President Bill Clinton considered lifting the wage ceiling modestly, but was skeptical of eliminating it outright. Doing so would "tremendously change the whole Social Security system . . . We should be very careful before we get out of the idea that this is something that we do together as a nation and there is at least some correlation between what we put in and what we get out," Mr. Clinton said in 1998. "You can say, well, they owe it to society. But these people also pay higher income taxes and the rates are still pretty progressive for people in very high rates."

Social Security's shortfalls are primarily attributable to society-wide trends of lower birth rates and longer lifespans. If we want to retain the shared character that underpins its political support and distinguishes it from traditional welfare programs, we need to share the burdens of reform proportionately. Mr. Obama should drop his exclusive focus on raising taxes and return to his previous view, that Social Security faces significant problems requiring prompt attention. All options should be on the table.

Mr. Biggs, a former principal deputy commissioner at the Social Security Administration, is a resident fellow at the American Enterprise Institute.

Commentary on the op-ed from:

Donald Luskin

Ryan Ellis

Ankle Biting Pundits


Jason F said...

Your posts have been admirably educational and even handed. Which is why I would not have included the postponement of the cash flow deficit as a metric to evaluate solvency options. For example, the fact that progressive price indexing postpones cash flow insolvency by about two months does not tell you much about its impact on the long-run solvency of Social Security. And we could construct three policies that would each add only two months to cash flow surpluses but collectively would extend surpluses indefinitely.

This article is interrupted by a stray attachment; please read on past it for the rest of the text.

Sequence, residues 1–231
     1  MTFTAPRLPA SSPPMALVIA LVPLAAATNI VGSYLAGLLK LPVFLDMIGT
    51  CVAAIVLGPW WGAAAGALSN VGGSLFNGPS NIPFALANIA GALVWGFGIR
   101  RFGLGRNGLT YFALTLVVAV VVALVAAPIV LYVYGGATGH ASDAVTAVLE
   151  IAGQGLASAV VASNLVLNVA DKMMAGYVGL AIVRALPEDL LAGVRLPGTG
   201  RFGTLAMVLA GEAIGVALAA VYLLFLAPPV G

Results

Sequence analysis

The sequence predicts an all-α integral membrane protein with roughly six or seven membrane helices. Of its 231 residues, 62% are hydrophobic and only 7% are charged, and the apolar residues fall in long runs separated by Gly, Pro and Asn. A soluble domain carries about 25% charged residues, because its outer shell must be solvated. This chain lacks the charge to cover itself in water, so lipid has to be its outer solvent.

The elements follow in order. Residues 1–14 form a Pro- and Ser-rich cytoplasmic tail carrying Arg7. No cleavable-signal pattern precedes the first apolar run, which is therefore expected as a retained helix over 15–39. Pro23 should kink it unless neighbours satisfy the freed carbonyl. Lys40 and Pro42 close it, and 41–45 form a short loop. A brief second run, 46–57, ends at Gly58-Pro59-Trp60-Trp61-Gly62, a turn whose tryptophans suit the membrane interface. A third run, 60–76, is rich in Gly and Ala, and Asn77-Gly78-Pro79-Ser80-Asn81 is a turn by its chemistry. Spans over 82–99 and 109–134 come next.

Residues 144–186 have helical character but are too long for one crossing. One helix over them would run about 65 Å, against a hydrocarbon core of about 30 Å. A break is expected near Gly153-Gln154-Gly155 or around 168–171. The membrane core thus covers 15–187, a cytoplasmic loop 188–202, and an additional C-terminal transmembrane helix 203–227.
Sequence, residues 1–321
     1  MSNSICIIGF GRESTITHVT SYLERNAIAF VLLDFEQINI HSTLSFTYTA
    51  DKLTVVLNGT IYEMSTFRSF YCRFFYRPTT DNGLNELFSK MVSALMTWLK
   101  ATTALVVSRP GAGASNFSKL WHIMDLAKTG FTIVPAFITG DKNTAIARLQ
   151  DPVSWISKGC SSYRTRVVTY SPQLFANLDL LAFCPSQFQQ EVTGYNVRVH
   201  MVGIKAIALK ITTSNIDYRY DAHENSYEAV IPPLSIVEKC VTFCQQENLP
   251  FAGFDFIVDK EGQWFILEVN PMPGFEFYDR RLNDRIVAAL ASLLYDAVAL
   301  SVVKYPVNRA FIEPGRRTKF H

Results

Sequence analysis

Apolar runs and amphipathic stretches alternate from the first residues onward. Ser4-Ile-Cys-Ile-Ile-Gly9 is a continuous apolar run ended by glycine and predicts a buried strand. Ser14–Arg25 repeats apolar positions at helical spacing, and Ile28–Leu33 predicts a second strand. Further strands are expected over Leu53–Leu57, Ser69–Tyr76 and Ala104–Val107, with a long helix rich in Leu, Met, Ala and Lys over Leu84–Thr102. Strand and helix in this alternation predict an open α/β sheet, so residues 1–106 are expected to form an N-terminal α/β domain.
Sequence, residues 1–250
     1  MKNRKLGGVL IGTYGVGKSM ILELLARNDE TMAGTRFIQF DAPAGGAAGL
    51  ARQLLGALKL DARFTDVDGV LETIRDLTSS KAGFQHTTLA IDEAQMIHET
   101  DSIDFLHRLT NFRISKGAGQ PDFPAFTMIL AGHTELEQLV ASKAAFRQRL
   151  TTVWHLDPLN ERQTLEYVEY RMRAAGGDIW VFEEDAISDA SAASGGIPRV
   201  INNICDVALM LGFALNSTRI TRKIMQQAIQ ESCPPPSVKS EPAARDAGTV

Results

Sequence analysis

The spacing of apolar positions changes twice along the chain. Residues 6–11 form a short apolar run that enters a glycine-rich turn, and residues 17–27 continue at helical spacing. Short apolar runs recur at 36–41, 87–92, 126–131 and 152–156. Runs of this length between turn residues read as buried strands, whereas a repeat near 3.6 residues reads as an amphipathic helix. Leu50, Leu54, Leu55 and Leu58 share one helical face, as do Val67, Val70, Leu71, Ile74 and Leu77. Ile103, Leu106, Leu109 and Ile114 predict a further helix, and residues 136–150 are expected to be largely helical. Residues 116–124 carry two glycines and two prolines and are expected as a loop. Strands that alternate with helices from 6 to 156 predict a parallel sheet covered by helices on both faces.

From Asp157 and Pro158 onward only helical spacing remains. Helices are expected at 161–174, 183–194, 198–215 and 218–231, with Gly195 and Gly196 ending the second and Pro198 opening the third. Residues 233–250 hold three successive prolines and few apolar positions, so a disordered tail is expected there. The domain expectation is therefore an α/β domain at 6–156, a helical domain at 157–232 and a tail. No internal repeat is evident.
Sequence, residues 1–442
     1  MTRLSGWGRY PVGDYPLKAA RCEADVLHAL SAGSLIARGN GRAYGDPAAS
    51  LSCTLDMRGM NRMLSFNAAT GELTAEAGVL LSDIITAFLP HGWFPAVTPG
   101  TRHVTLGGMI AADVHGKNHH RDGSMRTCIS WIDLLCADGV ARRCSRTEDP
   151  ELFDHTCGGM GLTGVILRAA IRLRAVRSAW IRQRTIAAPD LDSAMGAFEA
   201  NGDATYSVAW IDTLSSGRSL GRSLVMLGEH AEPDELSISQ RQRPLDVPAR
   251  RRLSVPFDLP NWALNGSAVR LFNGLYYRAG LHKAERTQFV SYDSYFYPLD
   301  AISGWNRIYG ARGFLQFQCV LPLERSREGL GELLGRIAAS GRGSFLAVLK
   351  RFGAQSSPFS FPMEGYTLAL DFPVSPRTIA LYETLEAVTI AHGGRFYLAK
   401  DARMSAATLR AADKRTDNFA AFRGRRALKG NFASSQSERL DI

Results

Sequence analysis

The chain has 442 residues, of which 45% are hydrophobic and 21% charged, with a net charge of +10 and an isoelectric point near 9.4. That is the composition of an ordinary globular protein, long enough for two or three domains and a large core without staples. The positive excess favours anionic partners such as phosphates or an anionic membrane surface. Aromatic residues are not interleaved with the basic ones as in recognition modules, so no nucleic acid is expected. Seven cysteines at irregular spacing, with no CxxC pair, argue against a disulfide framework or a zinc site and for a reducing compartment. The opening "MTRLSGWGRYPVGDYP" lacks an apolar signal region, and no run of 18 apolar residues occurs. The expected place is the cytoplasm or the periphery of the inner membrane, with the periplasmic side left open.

Maybe the WSJ made you do it?

Andrew G. Biggs said...

A fair comment, given that the actual cross-over data doesn't have a direct effect on anything. That number will come out of the longer version of the piece.

A better description might be to say that, when phased in, Obama's proposal makes annual cash flows about 1 percent of payroll better than current law. Which is good, but given that long-term annual deficits are above 5 percent of payroll it's just not enough.

Bruce Webb said...

"And this is assuming that Congress would save the surplus from the tax increases -- almost $600 billion over 10 years -- rather than spending it, as Congress does now."

The only way that Congress could 'save' any additional surplus 'rather than spending it' would be to divert the cash stream into something other than Treasuries. Not necessarily a bad proposal but not in itself improving solvency much over the current system that has surpluses invested in Special Treasuries.

The whole notion that somehow Congress has been 'raiding', 'looting' or otherwise doing something nefarious with the Trust Fund derives entirely from the implication that the Special Treasuries are not in fact hard investments, which is to say one or more versions of the 'phony IOU' argument.

Well I am not buying. I believe in the Full Faith and Credit of the United States, further I have a pretty good idea of the political firestorm that would erupt at any suggestion that the General Fund as the representative of taxpayers at large would refuse to replay legal obligations to that subset of taxpayers that paid for all those surpluses to start with.

2017 and shortfall only become a key date if we assume that government at that point would simply abrogate the debt, which would make them thieves, or that the gap between total income and cost would be considered some strain on the overall economy, which would make them innumeric imbeciles.

The dollar figures are just not that big. Whether expressed in Constant dollars in Table VI.F7 or in Current dollars in Table VI.F8 the SSA Trustees own numbers show a gap that starts out small at about $20 billion constant and $30 billion current in 2017 then rising to $171 bn constant and $279 bn current in 2025. As late as 2035 the constant dollar gap is only $330 billion or less in inflation adjusted terms than the $410 billion projected for this year, in fact the demand for borrowing to pay interest and principal never gets above current levels. And of course under current law would reset to zero in 2041.